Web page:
I was recently at Target and while perusing the toy aisle at my kids request I found a kit for paper making. I wouldn't normally have bought it but it was about $4 and making paper has been on my "to home school" list for awhile now.
It took me a couple days to get around to opening the box up and seeing what we had to do and I was immediately disappointed that it was recommended we wait 24 hours after ripping paper to tiny bits before actually getting to the paper making process. I wasn't disappointed for me, but the fact that I'd have to explain to my kids that after all the work (and yes, ripping up paper is work) we wouldn't get to even make the paper until the next afternoon. Surprisingly, they weren't that upset. They didn't even get that tired of ripping up the paper.
We half filled a large bowl with warm water and added in our paper pieces. We left it on the counter until the next afternoon where it still resembled the same thing we left the day before.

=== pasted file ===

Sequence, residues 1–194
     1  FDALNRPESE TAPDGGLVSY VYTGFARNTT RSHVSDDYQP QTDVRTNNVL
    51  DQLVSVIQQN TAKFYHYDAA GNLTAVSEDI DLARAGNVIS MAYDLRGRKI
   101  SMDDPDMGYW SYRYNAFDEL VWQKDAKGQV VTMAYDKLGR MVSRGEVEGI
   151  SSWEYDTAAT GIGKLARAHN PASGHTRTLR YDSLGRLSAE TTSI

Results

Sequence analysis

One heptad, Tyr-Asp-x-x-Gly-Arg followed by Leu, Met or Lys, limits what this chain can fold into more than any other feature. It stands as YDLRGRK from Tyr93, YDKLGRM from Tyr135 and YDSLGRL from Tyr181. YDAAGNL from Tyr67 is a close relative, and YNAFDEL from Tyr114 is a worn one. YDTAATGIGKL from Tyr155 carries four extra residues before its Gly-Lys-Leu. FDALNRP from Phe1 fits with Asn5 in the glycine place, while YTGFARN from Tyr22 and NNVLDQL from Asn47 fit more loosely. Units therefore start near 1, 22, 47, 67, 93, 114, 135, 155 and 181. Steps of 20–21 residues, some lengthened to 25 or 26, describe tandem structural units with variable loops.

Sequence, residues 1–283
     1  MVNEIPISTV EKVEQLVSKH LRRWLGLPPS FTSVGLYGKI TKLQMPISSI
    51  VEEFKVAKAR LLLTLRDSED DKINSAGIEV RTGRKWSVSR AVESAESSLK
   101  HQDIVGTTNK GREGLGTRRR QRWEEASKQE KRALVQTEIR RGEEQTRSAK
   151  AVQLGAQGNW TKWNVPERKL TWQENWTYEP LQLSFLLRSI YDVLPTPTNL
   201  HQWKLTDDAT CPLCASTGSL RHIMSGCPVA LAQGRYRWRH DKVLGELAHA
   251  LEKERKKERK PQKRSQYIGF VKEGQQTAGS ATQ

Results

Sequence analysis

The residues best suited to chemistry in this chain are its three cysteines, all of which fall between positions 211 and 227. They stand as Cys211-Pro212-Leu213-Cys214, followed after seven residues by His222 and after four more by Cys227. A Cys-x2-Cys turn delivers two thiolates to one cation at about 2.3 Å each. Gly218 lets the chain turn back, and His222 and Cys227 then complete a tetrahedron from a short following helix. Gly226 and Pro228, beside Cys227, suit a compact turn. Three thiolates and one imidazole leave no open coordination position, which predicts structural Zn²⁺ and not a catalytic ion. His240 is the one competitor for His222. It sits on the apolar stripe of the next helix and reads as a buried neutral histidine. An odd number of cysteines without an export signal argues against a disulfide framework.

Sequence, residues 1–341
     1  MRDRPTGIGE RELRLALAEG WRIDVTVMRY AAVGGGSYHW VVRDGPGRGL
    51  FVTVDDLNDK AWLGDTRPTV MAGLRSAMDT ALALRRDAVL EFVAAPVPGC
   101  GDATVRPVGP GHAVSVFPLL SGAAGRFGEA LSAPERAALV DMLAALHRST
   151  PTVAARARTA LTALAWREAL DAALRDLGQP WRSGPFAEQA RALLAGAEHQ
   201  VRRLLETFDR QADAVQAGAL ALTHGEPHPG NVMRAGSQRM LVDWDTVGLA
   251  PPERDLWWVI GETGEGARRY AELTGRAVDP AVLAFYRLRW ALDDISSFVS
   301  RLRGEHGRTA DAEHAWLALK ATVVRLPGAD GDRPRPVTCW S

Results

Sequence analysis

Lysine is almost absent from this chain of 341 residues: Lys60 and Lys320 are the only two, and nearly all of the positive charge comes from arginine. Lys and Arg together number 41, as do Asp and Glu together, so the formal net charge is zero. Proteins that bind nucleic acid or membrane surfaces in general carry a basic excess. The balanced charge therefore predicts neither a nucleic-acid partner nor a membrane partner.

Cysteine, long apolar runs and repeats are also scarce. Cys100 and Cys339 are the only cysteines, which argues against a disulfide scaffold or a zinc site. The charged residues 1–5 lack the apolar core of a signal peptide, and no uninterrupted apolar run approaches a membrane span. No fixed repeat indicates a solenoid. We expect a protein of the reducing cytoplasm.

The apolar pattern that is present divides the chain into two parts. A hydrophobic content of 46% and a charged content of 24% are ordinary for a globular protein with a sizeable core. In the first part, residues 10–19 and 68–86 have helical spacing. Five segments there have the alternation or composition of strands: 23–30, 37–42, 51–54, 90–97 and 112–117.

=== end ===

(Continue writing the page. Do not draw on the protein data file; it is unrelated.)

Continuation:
Alex was the first to try out the paper grinder that the National Geographic kit came with. It's like a kid save blender. It kept the water in the bucket but didn't do such a hot job making the paper into pulp, even after I beat it up a bit.
We came out with a semi-pulpy substance which resembled water in paper and not the "soupy" consistency the directions stated we'd get after "a few minutes" of grinding. But, I figured we'd give it a try anyway. I had the lustrous job of dipping the mold into the paper concoction and creating our first piece of paper. It wasn't that I wanted the job it was just that the kids were a little over excited and got to sloshing the stuff out of the yellow pan the kit came with instead of getting paper onto the mold.
Our first piece of paper was made and let to dry. Unfortunately, between then and now it got crumpled by a well meaning little tot. I suppose the pulpy mixture wasn't quite pulpy enough to handle being handled. So, we're back to the drawing board on the paper making. I suppose I'll have to dig out my blender and give the paper a whirl in there to see if we can get a more fibrous mix to dip the mold.